He smiles mischievously, his alert brown eyes look to the left. His wavy brown shoulder length hair is neatly parted. Over his black coat he wears a big, white rectangular collar. In his right hand he shows the viewer a round medallion with the family emblem, the bear. Cornelius Berenberg is the first in the family line that we have a portrait of. At the turn of the 18th century, getting one’s portrait done in oil was a rare luxury. It showed that one was an important and wealthy individual.
Born in Hamburg in 1634, Cornelius was just 6 years old when his father Hans Berenberg Jr. died in 1640. Cornelius left school and started to work in the family company, which was led by his other brothers Rudolf and Johann and his uncle Andreas. Young Cornelius soon proved himself a far-sighted, daring merchant and a man of character who opened up new horizons for the Berenberg company. His sense of tradition was paired with a true Hanseatic outlook, as the third generation of his family to be merchants in Hamburg. His grandfather Hans and his brother Paul had come to Hamburg towards the end of the 16th century from Holland, as did other families later to become city leaders like the Amsincks, Verpoortens and Groenedals. The Berenbergs opened a trading company in 1590.
Thanks to good contacts throughout Europe the brothers enjoyed success dealing in cloth, grain, spices and salt. Within a few years their trading house had grown to one of the city’s highest-earning companies. Even in the murderous turmoil of the 30 Years’ War, through skilful diplomacy Hamburg remained neutral to the benefit of its merchants. The Berenbergs tripled their revenues. The first two generations of Berenbergs had thought of themselves as Dutchmen in Hamburg, but Cornelius was the first who considered himself entirely a native of Hamburg. For him, the family history had started with the founding of the company in 1590, and he wanted to demonstrate his Hanseatic consciousness to the world.
On 20 June 1684 he was the first Berenberg to take the Hamburg oath of citizenship. From now on, his descendants would be able to hold public office, as the City of Hamburg permitted its new citizens to hold office if they were of means and owned an inherited house.
The Dutch fleet ruled the waves and controlled overseas trade, but Cornelius Berenberg used every opportunity to expand his international business activities. Thus, he was involved in 1670 when Hamburg sent 40 whaling ships to Greenland for the first time. As a “share shipper” he not only had a share in whaling and trading trips, he also bought whale oil, had it processed to lubricating and lamp oil, soap, pomades and medical salves, and exported the finished products.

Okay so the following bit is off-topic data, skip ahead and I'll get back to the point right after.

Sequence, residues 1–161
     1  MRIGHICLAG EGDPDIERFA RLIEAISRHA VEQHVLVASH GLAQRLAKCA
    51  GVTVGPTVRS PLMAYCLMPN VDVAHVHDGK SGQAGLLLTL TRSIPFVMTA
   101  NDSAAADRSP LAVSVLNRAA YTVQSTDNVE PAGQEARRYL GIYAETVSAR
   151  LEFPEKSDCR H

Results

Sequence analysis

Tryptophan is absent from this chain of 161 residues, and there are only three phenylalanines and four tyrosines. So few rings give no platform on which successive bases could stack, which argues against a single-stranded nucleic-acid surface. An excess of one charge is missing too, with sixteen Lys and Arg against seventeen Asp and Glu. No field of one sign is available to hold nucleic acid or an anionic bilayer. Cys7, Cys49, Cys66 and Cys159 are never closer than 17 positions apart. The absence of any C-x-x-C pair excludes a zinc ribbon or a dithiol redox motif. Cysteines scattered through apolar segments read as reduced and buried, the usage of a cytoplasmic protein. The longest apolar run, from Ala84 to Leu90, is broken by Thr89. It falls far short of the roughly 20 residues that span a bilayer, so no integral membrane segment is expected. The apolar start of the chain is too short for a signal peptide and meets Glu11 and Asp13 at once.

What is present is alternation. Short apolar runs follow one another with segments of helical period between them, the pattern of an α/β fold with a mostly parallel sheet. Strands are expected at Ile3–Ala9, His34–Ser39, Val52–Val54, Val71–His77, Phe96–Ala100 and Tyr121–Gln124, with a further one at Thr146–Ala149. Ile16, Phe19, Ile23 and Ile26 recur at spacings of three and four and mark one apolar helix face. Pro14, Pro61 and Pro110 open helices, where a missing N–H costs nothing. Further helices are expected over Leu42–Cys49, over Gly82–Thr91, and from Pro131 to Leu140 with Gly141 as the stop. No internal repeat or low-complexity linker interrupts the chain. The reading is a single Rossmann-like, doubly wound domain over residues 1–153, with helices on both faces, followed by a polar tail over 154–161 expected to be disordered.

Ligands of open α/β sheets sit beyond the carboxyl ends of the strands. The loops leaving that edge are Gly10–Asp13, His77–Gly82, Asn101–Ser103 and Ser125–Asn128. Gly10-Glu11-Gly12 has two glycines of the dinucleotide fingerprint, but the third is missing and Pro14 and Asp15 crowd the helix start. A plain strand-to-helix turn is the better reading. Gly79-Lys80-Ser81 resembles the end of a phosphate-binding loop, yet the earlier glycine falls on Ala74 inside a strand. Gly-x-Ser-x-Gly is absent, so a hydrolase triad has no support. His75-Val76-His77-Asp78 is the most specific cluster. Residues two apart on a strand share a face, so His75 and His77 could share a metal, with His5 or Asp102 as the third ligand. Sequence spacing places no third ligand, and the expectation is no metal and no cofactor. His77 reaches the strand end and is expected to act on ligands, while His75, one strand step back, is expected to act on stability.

Cornelius Berenberg also had interests in sea insurance, which took in premiums and paid out benefits for certain kinds of damages. The family belonged to the the association of Hamburg Insurers and co-founded the “Commerce Deputation” of the “Merchants Trading at Sea,” later to become the Chamber of Commerce. International business and banking activities Cornelius was the first Berenberg who can be proven to have acted as a banker.
The Hamburg Bank was founded in 1619 and the Berenbergs were among the shareholders. At that time there were hundreds of currencies within the “Roman Empire of German Nation,” with fluctuating exchange rates. The Hamburg “Mark Banco” was tied to the silver standard and was one of the most stable currencies in Europe for generations, as was the Dutch guilder, which for 200 years was minted of 9.6 grams of fine silver. Europe already had a system for cashless payment, so cash was not shipped over long distances from Hamburg. Instead, a creditor in Leipzig could demand payment from a trader with debts in Hamburg, and the transaction would be handled on the exchange. Amsterdam was the largest exchange at the time. Later London would take over that position. In Germany, Hamburg as a commercial centre was also a financial centre.
Cornelius Berenberg financed his colleagues’ business endeavours and made out mortgage loans. Since stock as we know it did not exist at the time, mortgages were a way to invest unneeded capital to earn interest, or boost liquidity with mortgage credit. Cornelius Berenberg also did well on exchange transactions between the many German and European currencies. As a person who enjoyed great respect, he was entrusted with many executorships and appointed to many boards of trustees.
When Cornelius Berenberg died in 1711 at the age of 77, he left his sons Rudolf and Johann a flourishing business.